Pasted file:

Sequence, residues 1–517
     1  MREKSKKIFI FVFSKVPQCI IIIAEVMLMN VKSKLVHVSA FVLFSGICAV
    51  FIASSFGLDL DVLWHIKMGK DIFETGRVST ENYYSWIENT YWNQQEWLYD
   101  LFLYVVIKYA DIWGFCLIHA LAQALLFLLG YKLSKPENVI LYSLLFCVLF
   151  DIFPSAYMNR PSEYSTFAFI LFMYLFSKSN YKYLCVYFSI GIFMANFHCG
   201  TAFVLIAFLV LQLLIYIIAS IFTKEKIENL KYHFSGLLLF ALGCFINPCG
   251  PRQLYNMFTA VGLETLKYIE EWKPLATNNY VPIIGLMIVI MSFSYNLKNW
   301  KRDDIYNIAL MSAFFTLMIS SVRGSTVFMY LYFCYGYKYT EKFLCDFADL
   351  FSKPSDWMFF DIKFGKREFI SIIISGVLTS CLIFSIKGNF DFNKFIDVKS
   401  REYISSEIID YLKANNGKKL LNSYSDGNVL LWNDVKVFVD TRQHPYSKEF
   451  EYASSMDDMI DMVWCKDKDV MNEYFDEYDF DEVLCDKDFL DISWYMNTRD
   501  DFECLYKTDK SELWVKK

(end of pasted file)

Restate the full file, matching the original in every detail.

Sequence, residues 1–517
     1  MREKSKKIFI FVFSKVPQCI IIIAEVMLMN VKSKLVHVSA FVLFSGICAV
    51  FIASSFGLDL DVLWHIKMGK DIFETGRVST ENYYSWIENT YWNQQEWLYD
   101  LFLYVVIKYA DIWGFCLIHA LAQALLFLLG YKLSKPENVI LYSLLFCVLF
   151  DIFPSAYMNR PSEYSTFAFI LFMYLFSKSN YKYLCVYFSI GIFMANFHCG
   201  TAFVLIAFLV LQLLIYIIAS IFTKEKIENL KYHFSGLLLF ALGCFINPCG
   251  PRQLYNMFTA VGLETLKYIE EWKPLATNNY VPIIGLMIVI MSFSYNLKNW
   301  KRDDIYNIAL MSAFFTLMIS SVRGSTVFMY LYFCYGYKYT EKFLCDFADL
   351  FSKPSDWMFF DIKFGKREFI SIIISGVLTS CLIFSIKGNF DFNKFIDVKS
   401  REYISSEIID YLKANNGKKL LNSYSDGNVL LWNDVKVFVD TRQHPYSKEF
   451  EYASSMDDMI DMVWCKDKDV MNEYFDEYDF DEVLCDKDFL DISWYMNTRD
   501  DFECLYKTDK SELWVKK